The Lesser Terror

Soviet State Security, 1939-1953

by Michael Parrish


The documented history of Soviet terror from 1939 to 1953.

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May 1996


Pages 456
Volumes 1
Size 6 1/8x9 1/4
Topics World History/General

This is the first major study based on Soviet documents and revelations of the Soviet state security during the period 1939-1953—a period about which relatively little is known. The book documents the role of Stalin and the major players in massive crimes carried out during this period against the Soviet people. It also provides the first detailed biography of V. S. Abakumov, Minister of State Security, 1946-1951.

Based on Glasnost revelations and recently released archival material, this study covers the operations of Soviet state security from Beriia's appointment in 1938 until Stalin's death. The book pays particular attention to the career of V. S. Abakumov, head of SMERSH counterintelligence during the war and minister in charge of the MGB (the predecessor of the KGB) from 1946 until his removal and arrest in July 1951.

The author argues that terror remained the central feature of Stalin's rule even after the Great Terror and he provides examples of how he micromanaged the repressions. The book catalogs the major crimes committed by the security organs and the leading perpetrators and provides evidence that the crimes were similar to those for which the Nazi leaders were punished after the war. Subjects covered include Katyn and its aftermath, the arrest and execution of senior military officers, the killing of political prisoners near Orel in September 1941, and the deportations of various nationalities during the war. The post-war period saw the Aviator and Leningrad affairs as well as the anti-cosmopolitan campaign whose target was mainly Jewish intellectuals. Later chapters cover Abakumov's downfall, the hatching of the Mingrelian and Doctors plots and the events that followed Stalin's death. Finally, there are chapters on the fate of those who ran Stalin's machinery of terror in the last 13 years of his rule. These and other topics will be of concern to all students and scholars of Soviet history and those interested in secret police and intelligence operations.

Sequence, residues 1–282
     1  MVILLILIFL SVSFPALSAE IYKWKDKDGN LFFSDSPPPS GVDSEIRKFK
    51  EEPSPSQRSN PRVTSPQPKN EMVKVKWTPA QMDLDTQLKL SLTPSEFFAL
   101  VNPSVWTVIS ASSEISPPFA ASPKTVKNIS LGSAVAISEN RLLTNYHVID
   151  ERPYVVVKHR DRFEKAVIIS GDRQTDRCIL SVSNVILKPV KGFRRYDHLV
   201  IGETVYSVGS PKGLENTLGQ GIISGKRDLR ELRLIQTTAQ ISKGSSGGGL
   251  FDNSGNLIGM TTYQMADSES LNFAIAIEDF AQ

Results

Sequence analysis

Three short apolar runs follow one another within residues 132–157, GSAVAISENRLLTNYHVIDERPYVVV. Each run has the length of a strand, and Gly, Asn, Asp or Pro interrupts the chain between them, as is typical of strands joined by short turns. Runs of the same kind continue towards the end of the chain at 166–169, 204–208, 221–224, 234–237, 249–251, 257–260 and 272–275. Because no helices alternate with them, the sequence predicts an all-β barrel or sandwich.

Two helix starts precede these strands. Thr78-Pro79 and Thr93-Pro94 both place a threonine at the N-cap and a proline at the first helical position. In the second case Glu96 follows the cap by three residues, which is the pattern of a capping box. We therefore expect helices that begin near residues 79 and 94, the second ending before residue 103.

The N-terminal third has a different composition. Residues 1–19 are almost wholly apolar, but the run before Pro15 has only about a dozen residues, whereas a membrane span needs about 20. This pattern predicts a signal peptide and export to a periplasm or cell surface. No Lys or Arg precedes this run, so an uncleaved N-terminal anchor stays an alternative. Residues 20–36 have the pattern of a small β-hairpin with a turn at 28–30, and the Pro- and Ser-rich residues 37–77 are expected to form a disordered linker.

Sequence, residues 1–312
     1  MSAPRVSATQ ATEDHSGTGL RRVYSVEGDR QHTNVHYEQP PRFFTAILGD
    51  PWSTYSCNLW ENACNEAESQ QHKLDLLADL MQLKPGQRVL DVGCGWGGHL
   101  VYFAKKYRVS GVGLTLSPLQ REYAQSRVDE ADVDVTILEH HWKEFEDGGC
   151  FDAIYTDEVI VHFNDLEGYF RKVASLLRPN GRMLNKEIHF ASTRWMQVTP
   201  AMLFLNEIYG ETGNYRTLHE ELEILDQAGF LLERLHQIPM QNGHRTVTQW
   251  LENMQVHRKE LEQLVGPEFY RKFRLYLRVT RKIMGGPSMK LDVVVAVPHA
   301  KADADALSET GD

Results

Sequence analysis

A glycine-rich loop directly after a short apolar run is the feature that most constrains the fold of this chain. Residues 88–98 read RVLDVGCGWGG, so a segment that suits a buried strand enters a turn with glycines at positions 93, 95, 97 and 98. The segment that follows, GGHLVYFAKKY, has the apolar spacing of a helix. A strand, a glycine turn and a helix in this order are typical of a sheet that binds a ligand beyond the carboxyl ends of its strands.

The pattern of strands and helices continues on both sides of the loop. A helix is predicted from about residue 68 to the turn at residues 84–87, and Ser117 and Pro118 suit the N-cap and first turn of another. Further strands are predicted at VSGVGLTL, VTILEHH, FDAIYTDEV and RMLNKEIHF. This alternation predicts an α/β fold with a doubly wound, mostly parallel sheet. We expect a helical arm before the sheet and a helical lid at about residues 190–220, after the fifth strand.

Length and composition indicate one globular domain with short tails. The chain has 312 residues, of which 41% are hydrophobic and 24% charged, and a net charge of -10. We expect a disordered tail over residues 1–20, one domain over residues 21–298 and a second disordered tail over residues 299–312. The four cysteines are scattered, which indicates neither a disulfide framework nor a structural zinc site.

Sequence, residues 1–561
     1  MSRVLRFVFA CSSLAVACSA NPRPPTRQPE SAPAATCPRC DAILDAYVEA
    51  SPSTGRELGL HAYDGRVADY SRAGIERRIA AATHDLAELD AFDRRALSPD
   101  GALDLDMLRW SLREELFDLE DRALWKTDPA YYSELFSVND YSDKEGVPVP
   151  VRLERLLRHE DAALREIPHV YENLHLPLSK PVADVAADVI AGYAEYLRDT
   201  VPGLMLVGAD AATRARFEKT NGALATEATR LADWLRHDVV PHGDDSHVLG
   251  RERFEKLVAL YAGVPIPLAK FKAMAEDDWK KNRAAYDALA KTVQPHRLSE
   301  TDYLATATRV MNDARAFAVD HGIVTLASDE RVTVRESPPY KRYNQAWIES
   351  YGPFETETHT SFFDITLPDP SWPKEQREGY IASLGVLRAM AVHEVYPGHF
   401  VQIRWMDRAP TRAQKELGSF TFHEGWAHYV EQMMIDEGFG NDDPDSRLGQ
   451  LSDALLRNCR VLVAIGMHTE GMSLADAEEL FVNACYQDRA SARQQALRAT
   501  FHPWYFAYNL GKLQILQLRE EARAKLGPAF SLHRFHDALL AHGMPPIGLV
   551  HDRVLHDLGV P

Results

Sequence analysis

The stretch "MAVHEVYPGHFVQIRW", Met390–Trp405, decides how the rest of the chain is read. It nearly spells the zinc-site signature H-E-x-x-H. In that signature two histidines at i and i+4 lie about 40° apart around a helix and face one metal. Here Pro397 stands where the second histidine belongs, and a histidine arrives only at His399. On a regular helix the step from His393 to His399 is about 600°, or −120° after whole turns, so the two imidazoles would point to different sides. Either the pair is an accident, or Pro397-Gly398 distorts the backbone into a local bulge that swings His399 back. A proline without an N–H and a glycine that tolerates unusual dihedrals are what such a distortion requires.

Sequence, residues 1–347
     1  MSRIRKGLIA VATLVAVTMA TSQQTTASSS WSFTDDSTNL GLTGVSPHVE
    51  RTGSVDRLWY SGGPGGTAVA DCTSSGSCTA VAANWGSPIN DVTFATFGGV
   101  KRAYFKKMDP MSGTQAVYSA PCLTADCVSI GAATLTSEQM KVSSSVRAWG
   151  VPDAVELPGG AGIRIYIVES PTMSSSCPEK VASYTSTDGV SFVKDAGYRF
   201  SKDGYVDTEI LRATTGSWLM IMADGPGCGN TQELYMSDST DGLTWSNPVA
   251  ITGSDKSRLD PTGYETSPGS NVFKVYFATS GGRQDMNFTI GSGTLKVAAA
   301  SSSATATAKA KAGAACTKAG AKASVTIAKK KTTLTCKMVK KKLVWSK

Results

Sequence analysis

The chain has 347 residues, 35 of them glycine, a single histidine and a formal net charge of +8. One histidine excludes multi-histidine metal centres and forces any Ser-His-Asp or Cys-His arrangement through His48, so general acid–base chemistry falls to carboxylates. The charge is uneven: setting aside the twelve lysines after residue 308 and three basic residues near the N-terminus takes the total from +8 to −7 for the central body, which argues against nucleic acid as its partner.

Table of Contents

PrefaceBeriia Takes OverMass Killings of Polish POW OfficersThe Orel Massacres; The Killings of Senior Military Officers and War Time DeportationsSMERSH and AbakumovThe Vlasov Movement and Other CollaboratorsAbakumov as Head of MGBPost War Campaigns against the MilitaryThe Anti-Semitic CampaignsThe "Leningrad Affair"Intelligence, Counterintelligence and Terror Campaigns in East EuropeDownfallThe AftermathLegacyAppendix I: General Officers of NKVD/NKGB(MVD/MGB), SMERSHAppendix II: Principle Victims of Stalinist Repression during the Abakumov Regime, March 1946 - July 1951BibliographyIndex



Parrish demonstrates that terror in Stalin's Russia did not abate after the great terror of the 1930s, but continued beyond the death of Stalin. The work is mainly a study of Stalin's apparatus of repression during the 1940s, i.e., during the decade follwing the great terror....Recommended for all college and public libraries.—Choice

there remains much to recommened in this book,... For any student of terrorism and conflict, particularly students focusing on the potential use of weapons of mas destruction, Holy Terror provides a most palatable way of understanding what happened that fateful day in Tokyo's subway system and how it came to be.—^X^BTerrorism and Political Violence^R


Michael Parrish has given us a broad overview of a period which has not previously been so massively treated. A very useful and detailed work on an important theme.—Robert Conquest, Hoover Institution, Stanford University

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